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JAMA. 1961;178(1):61-62. doi:10.1001/jama.1961.03040400063016.
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It may not have been necessary to have been English-born, Edinburgh-trained, and an associate of Guy's Hospital and responsible for the description of an internal malady to be identified eponymically in medical writing, but, indeed, Richard Bright, Thomas Addison, and Thomas Hodgkin satisfied each of these criteria in the first half of the 19th century in London. Richard Bright has been judged the most outstanding of the 3. The story of his life, particularly during the years of higher learning and the 2 golden decades of his clinical preeminence, represents a series of successful accomplishments of a richly endowed and orderly mind. Although his fame surpassed that of Addison and Hodgkin, he was unselfish in recounting his scientific accomplishments and liberal in his credit to associates and underlings at every opportunity.1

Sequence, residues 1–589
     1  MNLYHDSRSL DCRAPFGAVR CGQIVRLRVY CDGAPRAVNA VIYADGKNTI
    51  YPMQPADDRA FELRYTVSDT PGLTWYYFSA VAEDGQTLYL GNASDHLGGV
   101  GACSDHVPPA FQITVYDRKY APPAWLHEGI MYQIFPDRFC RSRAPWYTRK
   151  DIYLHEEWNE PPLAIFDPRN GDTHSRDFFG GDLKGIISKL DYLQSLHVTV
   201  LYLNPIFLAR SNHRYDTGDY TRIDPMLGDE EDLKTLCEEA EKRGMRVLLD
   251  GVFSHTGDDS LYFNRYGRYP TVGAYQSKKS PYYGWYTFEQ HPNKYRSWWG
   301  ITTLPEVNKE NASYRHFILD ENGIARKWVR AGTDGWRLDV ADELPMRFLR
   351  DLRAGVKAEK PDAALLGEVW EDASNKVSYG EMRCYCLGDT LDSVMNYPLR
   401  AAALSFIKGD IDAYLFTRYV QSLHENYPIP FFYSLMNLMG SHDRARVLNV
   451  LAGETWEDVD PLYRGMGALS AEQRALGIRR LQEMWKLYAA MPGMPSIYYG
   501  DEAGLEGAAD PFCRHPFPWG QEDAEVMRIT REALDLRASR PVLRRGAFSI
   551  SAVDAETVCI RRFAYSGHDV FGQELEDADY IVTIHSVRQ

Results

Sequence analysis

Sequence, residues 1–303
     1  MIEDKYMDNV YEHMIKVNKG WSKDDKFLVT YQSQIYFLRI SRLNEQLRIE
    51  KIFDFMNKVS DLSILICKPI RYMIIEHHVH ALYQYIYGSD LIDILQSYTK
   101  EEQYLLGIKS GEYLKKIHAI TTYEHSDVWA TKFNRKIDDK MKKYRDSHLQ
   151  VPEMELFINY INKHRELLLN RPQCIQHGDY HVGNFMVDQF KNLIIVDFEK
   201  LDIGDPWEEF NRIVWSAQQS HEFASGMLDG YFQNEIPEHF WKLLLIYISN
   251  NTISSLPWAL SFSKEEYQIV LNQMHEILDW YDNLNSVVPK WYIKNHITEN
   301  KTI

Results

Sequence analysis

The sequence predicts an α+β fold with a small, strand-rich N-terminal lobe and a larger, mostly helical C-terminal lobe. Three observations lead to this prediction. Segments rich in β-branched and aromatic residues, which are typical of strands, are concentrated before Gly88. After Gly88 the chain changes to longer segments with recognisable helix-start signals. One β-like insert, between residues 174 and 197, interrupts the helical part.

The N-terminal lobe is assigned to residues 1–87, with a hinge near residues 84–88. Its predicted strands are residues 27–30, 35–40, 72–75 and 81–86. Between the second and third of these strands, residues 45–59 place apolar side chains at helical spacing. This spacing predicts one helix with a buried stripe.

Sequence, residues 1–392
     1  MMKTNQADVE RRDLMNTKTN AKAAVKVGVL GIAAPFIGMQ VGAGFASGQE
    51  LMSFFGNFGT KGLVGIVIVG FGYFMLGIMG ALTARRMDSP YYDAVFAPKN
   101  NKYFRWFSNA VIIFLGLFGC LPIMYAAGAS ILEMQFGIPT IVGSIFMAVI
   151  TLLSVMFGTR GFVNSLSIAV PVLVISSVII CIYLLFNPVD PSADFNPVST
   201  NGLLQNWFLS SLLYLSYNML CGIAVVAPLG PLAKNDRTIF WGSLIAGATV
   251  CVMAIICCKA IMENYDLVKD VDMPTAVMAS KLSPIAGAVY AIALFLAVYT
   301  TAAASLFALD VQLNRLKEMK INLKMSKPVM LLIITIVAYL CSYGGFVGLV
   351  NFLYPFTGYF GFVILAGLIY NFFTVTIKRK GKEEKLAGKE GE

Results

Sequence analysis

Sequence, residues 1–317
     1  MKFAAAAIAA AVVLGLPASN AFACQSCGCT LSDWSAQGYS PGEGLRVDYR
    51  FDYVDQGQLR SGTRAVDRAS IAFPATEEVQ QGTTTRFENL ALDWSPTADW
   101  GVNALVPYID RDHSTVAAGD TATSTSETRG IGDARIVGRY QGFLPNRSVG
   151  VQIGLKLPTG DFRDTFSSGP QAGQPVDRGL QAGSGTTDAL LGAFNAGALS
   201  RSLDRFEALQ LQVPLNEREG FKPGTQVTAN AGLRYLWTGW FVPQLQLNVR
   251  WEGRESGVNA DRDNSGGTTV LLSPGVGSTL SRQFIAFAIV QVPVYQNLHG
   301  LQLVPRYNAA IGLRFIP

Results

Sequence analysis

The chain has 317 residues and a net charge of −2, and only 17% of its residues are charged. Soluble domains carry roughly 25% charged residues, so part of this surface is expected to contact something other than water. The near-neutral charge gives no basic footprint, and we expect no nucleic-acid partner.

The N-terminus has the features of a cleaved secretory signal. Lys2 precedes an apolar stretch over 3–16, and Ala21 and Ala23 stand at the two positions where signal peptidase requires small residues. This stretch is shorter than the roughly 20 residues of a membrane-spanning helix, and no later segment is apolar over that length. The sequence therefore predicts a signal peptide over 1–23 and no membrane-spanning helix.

Richard Bright was born at Queens Square, Bristol, in 1789. His father was a successful banker and provided


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